Finally another update!

Storm before the silence

After my last post on this blog, it has remained silent for far too long here. But not because I haven't done anything! On the contrary, it's been way too busy to report it all.

So I've been working on the carving of another coat-of-arms in Bentheimer sandstone. The design was almost the same as the previous one, but this one would would be suspended from a wall. Therefore, it was carried out lighter, without an edge to the relief and with a thinner base of 3 cms thick.

Flying Buttress Figurines

Then I went back to work with …Read the whole article…

Flying Buttress Figurines: four times Noah's Ark

Theo van Reijns theme of Noah's Ark

There are 96 flying buttress figurines on St. Eusebius's Church in Arnhem (the Netherlands), distributed over 14 flying buttresses. Four of these are filled with animal figures on the theme of Noah's Ark, designed by the Haarlem sculptor Theo van Reijn (and for the most part carved by his artisan sculptor Eduard van Kuilenburg). He awarded each of these …Read the whole article…

Corbel for the Eusebius Tower: a bird-like beast?

Bird beast: a copy of a tufa stone corbel by John Grosman in new Muschelkalk limestone for the Eusebius Tower in Arnhem
One of the last of the 10 corbels for the South- and North side of the tower of the Eusebius Church at 23 meters high was this winged bird-like beast. It sits somewhat cramped in its corner and there spreads its claws and wings. This piece was originally …Read the whole article…

Second visit to the scaffoldings of St. Eusebius's Church

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A visit to the scaffolding of St. Eusebius's Church: Corbels and 14 flying buttress figurines.

A visit to the scaffolding of St. Eusebius's Church

scaffolding visit Eusebius Church with flying buttress figurines

flying buttress no. 6

Last Thursday I visited the Eusebius Church in Arnhem. I had heard that two of the four flying buttresses were installed. For this church I had carved into new limestone 31 copies of the old flying buttress figurines and my colleague Stide also four. Stide has also replaced many larger and smaller corbels and is currently mainly engaged in carving stone masks. …Read the whole article…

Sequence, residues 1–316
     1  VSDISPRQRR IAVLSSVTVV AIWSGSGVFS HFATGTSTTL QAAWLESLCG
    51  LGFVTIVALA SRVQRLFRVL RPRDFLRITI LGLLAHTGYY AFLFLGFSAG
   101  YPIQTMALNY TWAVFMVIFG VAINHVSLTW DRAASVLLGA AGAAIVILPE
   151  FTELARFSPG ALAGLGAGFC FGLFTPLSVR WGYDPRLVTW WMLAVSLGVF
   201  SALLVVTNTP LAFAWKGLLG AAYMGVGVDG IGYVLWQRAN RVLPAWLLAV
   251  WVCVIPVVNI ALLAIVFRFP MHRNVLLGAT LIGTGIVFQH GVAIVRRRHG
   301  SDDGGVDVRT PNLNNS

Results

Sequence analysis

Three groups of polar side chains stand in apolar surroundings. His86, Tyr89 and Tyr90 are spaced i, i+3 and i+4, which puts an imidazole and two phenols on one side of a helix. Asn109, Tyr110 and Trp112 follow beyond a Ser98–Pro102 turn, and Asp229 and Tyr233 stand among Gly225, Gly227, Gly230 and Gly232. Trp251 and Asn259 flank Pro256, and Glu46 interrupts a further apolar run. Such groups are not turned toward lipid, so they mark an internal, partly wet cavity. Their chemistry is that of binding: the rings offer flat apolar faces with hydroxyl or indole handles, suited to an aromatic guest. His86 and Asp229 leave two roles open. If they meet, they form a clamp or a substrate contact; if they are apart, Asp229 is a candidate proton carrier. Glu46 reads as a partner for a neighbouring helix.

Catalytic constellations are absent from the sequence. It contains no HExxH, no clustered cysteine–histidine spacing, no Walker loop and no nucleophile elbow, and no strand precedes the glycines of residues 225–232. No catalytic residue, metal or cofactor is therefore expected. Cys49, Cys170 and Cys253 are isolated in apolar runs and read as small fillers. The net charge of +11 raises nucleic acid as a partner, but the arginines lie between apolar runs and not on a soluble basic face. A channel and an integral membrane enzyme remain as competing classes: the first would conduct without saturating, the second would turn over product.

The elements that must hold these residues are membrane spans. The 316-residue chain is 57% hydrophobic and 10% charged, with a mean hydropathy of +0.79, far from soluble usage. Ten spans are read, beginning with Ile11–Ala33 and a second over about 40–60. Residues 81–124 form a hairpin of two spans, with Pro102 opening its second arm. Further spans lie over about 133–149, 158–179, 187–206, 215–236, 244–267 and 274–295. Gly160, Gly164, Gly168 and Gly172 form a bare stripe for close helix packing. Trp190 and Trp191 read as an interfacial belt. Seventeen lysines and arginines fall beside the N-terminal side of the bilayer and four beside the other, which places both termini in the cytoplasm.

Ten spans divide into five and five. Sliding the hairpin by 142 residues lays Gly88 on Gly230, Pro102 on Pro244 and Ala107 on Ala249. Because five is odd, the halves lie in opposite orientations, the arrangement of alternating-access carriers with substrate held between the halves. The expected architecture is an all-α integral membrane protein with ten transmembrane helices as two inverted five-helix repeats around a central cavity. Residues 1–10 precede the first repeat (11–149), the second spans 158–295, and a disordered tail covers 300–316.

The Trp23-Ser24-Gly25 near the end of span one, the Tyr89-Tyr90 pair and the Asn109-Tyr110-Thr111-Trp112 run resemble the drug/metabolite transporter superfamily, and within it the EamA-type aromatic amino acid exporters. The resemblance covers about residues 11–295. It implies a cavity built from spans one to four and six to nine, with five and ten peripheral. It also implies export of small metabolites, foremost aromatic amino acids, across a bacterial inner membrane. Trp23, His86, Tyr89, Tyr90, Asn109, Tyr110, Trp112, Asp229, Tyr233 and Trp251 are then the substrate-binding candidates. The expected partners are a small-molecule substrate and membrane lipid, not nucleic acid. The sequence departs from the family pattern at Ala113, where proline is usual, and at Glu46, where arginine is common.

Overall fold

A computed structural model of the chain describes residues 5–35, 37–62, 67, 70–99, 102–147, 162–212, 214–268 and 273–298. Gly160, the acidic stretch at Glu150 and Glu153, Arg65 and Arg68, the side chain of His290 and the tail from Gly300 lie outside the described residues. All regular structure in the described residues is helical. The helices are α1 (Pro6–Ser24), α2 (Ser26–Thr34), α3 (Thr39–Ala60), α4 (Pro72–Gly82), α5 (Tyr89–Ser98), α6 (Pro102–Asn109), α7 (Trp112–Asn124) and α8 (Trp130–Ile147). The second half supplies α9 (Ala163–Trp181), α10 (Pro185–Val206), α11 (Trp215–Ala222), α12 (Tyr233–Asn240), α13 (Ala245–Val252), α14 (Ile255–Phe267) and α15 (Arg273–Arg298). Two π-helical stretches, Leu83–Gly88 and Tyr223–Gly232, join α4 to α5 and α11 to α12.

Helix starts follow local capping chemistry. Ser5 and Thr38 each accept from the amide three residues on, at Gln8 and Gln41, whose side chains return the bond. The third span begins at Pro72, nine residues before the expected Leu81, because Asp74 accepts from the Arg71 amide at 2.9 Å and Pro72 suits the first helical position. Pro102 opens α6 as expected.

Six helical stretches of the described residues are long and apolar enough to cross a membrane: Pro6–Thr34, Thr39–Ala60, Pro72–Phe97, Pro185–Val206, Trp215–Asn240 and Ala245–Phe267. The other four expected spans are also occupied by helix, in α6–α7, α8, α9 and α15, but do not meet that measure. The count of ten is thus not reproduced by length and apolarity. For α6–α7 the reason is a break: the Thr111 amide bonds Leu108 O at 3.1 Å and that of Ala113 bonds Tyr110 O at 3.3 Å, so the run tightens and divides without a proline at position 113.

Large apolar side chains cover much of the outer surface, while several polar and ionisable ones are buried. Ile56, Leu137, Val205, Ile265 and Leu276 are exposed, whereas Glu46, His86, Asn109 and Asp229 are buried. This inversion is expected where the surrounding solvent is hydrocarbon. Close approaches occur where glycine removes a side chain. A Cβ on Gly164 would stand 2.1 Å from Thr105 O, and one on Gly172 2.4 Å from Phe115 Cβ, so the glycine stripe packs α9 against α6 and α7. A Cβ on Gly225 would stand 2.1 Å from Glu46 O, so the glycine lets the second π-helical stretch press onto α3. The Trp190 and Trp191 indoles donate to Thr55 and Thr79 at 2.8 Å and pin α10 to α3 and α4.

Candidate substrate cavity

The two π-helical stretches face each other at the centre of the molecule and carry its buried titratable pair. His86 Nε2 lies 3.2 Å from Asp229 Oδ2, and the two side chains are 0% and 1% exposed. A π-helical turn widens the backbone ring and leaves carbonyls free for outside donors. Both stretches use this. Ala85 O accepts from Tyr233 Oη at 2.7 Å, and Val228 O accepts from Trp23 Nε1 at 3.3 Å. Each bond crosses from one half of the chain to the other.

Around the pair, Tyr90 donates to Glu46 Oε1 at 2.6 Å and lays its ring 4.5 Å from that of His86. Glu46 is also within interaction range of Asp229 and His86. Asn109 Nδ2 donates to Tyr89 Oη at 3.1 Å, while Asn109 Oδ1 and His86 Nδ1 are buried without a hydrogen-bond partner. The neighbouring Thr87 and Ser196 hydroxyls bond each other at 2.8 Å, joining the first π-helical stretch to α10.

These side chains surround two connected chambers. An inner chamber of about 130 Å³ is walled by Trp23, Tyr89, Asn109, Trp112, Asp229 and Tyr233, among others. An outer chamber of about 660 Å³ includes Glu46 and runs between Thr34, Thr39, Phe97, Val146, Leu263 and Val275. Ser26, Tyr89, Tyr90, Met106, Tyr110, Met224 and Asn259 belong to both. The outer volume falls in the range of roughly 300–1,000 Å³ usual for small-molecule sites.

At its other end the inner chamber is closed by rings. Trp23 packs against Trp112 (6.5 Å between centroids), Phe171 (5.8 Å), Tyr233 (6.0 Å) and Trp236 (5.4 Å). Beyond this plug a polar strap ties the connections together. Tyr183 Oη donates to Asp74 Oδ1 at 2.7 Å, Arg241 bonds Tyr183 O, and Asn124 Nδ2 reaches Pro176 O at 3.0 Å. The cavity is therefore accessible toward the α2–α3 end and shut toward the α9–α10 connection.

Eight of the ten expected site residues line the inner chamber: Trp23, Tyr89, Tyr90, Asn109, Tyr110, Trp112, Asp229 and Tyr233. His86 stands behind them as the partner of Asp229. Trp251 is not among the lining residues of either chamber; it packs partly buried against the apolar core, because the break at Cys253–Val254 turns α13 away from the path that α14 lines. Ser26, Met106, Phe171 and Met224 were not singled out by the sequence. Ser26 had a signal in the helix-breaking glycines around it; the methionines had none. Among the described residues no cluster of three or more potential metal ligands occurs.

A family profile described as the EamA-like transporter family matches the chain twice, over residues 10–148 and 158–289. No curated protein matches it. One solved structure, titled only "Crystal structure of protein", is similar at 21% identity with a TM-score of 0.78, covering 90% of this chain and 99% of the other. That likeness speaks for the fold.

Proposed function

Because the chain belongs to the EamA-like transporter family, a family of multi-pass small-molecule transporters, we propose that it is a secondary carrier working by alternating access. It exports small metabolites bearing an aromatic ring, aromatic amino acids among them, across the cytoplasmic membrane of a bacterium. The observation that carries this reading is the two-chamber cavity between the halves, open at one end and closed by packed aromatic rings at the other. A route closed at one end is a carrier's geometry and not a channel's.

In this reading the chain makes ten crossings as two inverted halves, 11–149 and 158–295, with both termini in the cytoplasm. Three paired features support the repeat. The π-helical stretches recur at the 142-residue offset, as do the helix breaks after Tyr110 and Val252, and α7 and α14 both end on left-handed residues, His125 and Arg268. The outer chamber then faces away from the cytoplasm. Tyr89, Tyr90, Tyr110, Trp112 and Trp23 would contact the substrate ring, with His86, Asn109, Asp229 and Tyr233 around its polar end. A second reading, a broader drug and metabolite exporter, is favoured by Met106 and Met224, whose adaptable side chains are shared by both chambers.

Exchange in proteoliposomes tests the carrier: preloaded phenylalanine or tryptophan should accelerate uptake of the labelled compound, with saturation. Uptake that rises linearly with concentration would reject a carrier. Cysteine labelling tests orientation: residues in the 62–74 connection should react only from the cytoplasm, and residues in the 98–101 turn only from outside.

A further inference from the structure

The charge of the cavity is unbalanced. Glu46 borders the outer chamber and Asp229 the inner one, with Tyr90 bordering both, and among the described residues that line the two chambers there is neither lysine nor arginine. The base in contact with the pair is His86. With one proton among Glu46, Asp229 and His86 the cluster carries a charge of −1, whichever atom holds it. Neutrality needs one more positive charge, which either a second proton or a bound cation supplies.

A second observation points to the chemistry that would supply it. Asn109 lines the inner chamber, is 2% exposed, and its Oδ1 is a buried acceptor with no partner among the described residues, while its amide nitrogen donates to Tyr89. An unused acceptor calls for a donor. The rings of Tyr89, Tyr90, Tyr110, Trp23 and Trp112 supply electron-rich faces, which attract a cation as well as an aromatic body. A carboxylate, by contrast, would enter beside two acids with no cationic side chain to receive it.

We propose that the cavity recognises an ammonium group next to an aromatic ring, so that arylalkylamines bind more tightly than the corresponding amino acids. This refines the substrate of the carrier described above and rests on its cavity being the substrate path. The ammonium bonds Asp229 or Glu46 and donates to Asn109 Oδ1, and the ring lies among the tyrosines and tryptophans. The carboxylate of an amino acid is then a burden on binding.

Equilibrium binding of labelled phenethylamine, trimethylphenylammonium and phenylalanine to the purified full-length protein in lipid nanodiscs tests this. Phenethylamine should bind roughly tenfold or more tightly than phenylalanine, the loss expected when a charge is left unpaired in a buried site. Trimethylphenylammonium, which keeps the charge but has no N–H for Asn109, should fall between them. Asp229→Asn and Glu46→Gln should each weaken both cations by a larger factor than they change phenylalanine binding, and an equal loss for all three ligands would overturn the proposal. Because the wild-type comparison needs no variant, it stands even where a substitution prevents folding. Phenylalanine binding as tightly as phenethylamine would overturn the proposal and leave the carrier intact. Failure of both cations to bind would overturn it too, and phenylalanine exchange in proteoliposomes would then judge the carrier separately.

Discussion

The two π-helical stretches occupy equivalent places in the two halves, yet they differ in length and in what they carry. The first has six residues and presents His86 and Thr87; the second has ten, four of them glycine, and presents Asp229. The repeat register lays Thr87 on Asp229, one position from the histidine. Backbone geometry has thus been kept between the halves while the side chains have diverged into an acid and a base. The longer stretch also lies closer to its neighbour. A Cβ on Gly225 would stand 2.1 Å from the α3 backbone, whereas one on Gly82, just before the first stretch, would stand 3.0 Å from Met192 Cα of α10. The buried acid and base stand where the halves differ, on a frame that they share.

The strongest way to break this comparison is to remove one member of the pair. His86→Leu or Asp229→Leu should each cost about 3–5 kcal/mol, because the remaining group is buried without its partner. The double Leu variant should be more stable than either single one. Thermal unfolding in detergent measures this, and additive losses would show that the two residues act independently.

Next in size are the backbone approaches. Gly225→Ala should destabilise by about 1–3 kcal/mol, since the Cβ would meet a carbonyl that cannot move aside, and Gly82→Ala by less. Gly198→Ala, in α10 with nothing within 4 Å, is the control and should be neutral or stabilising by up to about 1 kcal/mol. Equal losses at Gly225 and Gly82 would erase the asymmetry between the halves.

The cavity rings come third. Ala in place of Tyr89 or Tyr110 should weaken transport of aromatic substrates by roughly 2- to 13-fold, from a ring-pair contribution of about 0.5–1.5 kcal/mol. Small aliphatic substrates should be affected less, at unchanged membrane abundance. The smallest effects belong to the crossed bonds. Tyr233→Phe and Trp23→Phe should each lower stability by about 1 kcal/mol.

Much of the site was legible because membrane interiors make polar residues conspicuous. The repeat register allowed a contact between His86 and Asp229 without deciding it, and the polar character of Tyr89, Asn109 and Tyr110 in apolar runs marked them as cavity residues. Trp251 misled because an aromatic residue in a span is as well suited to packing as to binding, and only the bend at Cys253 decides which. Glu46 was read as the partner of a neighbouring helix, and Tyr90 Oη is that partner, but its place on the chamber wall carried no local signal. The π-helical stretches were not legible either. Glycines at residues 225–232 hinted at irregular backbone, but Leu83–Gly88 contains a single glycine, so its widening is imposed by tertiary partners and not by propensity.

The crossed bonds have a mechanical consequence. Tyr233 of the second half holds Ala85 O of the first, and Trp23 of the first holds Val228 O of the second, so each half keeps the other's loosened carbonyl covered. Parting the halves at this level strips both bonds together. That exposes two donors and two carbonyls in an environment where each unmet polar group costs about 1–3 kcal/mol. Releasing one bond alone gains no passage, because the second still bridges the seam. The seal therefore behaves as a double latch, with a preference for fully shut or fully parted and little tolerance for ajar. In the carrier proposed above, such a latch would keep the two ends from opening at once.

The whole zoo in his boat (flying buttress figurine)

Coarse-grained zoo

A whole zoo in a boat. The old tuffstone flying buttress figurine

This week I had an Ark on my hands again. This is the last flying buttress figurine that was designed by Theo van Reijn and probably carved by Eduard van Kuilenburg, in 1953 or ’54. But it's weathered down very much. When it was in my yard, I had to take a good look. I knew it was supposed to be an ark, but I couldn't determine which animals were in it. I thought …Read the whole article…

A monkey in a wig (flying buttress figurine)

flying buttress figurine Monkey, Copying from tuffstone into Muschelkalk

copying the Monkey

The old Monkey from tuffstone

One of the nicest flying buttress figurines from the series 'Noah's Ark’ by Theo van Reijn was now ready to be copied: a Monkey. The creature has an endearing belly, skinny legs and a Big Smile on its snout. And a wig.

That my sawing machine after all of the welding- and tinkering can now cut so accurately is also clearly visible in the pre-cut block. It saves quite a bit …Read the whole article…

A Bear with a honeypot (flying buttress figurine)

The bear that didn't look like a bear

flying buttress statuette of bear with honeypot - old original tuff

flying buttress statuette bear with honey -new copy in muschelkalk limestone

And then the bear came with its long snout and blew out… no, he ate all the honey. This 'bear’ was the next flying buttress figurine for St. Eusebius's Church in Arnhem which was to be copied into new stone. Only you have to look very good …Read the whole article…